Couchsurfing in Philippines at the Ati Atihan Festival
I wouldn’t have visited Kalibo during the Ati Atihan Festival if I hadn’t a place to stay. It’s arguably the biggest event in the Philippines with all the accompanying hassle, then there’s either there’s no place to stay or prices are tripled. I was confused about which week Ati Atihan was when I sent a Couchsurfing request to the most active member in the community, a girl named Jamaica who lives in a suburb 10km down the coast called New Washington.
She said she would “save a piece of floor” for me. It meant a mattress on the ground, which was fine. Unfortunately, the mosquitoes ravaged me and the street noise made it hard to sleep, but you know me, I’m a fighter, an adrenalin junkie, I fly on burning planes, so I persevered.
Jamaica wasn’t turning anyone down, it seemed. I think she had 13 or 14 people the last night I was there. (My Couchsurfing host in Recife, Brazil, another give-you-the-shirt-off-her-back type, told me she had 37 guests during Carnival.) I met a gentle Bulgarian couple, an Italian girl working in Burma, several Filipinos, along with this bunch:
I know that most people have a Couchsurfing visit and it doesn’t stick with them, but I had another of those moments where I realized that traveling by yourself for too long makes you dumb. You need to interact with your peers, even if my peers are half my age and look at me funny that I imagine myself as their equal.
I remember reading about a guy who walked around America for years and he said the important thing was to be around people once in a while so he could recalibrate himself. I would take that further and say that you need to be around others to see how they do things and learn what their perspective is. Traveling alone for too long is to be in a vacuum, a bubble, and you become distant without it becoming apparent. (I am so DEEP—and I blog for free! It’s just not right.)
The main difference between the Ati Atihan Festival and the other wannabes, I was told, is audience participation. All the other festivals are mostly watching a parade go by. In Kalibo you are allowed and expected to join and everyone mixes in and dances around with slowly marching bands. My photos don’t do the festival justice and my internet connection won’t let me upload any video, which I might add here later.
Every band had two and only two instruments: a hand-held xylophone thing that I am sure has a name, and a drum, many variations of drums, all pulsating, all still in my head days later as I type this. There didn’t seem to be many variations of songs, I heard “Top of the world” by the Carpenters(!) over and over, but after a while they all gelled into one long, almost hypnotic trance.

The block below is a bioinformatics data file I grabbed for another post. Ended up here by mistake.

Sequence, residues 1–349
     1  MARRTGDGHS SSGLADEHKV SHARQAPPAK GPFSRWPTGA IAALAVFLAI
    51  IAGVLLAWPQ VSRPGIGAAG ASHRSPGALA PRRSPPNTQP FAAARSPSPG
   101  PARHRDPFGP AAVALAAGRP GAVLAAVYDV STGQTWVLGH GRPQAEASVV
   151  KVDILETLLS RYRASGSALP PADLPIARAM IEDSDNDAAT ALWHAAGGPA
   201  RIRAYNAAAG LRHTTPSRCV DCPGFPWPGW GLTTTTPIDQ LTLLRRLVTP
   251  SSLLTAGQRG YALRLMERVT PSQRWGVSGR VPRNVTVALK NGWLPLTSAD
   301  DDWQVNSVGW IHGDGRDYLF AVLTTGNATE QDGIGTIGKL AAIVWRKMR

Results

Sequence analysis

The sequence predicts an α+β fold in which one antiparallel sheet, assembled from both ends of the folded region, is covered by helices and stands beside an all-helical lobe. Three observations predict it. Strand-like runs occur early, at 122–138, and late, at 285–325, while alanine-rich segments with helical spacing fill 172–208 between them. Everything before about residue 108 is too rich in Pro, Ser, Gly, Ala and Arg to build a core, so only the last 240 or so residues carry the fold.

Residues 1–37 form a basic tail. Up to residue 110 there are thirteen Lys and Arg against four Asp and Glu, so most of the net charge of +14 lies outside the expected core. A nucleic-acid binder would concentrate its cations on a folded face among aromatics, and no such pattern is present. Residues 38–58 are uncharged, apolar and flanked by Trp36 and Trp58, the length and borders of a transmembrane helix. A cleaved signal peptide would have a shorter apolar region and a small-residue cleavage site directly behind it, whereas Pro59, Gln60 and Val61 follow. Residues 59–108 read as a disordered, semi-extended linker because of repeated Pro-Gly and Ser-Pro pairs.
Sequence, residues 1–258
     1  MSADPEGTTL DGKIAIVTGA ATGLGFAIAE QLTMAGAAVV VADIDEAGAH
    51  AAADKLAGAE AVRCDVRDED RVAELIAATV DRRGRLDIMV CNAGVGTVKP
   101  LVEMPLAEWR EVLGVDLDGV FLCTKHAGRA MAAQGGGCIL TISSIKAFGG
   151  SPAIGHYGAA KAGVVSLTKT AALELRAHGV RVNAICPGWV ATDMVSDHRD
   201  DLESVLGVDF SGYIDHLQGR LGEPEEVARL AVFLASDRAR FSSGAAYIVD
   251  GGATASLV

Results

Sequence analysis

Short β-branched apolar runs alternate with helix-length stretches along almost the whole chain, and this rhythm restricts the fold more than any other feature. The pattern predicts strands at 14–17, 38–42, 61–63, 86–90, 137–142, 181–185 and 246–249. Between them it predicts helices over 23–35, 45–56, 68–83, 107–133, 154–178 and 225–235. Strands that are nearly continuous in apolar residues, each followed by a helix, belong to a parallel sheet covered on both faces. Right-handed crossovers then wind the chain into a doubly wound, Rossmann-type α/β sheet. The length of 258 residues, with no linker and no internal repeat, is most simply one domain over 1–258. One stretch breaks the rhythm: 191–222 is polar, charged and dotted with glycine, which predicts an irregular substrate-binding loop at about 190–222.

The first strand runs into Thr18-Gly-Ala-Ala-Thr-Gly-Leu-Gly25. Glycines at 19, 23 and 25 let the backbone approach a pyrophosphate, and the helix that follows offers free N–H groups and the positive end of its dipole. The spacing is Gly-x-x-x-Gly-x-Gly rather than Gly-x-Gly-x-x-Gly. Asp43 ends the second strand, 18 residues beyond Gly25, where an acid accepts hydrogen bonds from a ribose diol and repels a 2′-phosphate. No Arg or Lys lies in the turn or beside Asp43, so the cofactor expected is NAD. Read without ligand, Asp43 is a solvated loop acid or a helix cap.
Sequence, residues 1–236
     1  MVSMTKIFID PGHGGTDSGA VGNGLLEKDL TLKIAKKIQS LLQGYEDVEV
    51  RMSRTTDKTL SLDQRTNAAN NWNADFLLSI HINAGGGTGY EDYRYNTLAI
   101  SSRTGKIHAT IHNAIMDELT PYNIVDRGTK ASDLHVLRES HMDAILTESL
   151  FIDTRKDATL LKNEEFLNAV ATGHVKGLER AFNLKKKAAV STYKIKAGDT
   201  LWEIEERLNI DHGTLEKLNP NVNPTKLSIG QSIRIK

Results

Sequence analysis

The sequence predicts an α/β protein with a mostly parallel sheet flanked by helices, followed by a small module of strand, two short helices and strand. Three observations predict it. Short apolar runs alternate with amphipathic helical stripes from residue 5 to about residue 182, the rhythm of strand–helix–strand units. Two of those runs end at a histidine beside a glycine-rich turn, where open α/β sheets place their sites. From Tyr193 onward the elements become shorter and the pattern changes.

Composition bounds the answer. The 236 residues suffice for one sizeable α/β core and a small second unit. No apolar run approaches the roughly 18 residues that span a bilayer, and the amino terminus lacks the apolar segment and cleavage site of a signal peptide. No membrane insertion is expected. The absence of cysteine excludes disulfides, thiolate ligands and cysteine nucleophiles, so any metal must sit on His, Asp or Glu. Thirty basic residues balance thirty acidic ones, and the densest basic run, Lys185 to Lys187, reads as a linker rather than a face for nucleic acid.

Bands would disappear down side streets, loop around, reappear in the main square and when they passed each other, sometimes one band would stop playing just long enough to get in sync and then they’d play the same song, the crowd roaring in approval.
I was struck by how many girls young enough to need two hands to hold a big bottle of beer being passed around were dancing with abandon, no one hassling them, free as can be. Even boys in their early teens dancing together weren’t uncool. Everyone was just having an unself-conscious good time.
Lots of bottles of alcohol were proffered. Each bottle probably had 500 lips on it by the time it was offered to us, and the more hardcore ones imbibed. I’m not hardcore.
It was noticeable how little trouble there was despite the huge numbers of people which is testament to the good nature of Filipinos. Some nationalities, when they start drinking, they want to fight. When Filipinos drink, they want to sing and dance. I did see one guy running through the crowd with a lot of blood on the back of his neck and two guys hotly pursuing him. He might have been knifed, so maybe there was one potential stabbing and a genocide or two, but that’s it!
The police have really nothing to do. A Canadian guy who joined us told me he asked to use the police station’s bathroom and he was invited in, offered part of their buffet, they wanted photos, etc. They, like everyone else, would smile or give a thumbs up or shout to be heard over the music, “Are you enjoy!”
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You know you’re in the hip locale when there’s at least one German tourist there. It could be some remote valley in Uzbekistan, or a village in Paraguay, but if there’s a German, you’re set.
Make no mistake, there are ALWAYS Germans running around. That’s why I have a great affinity for them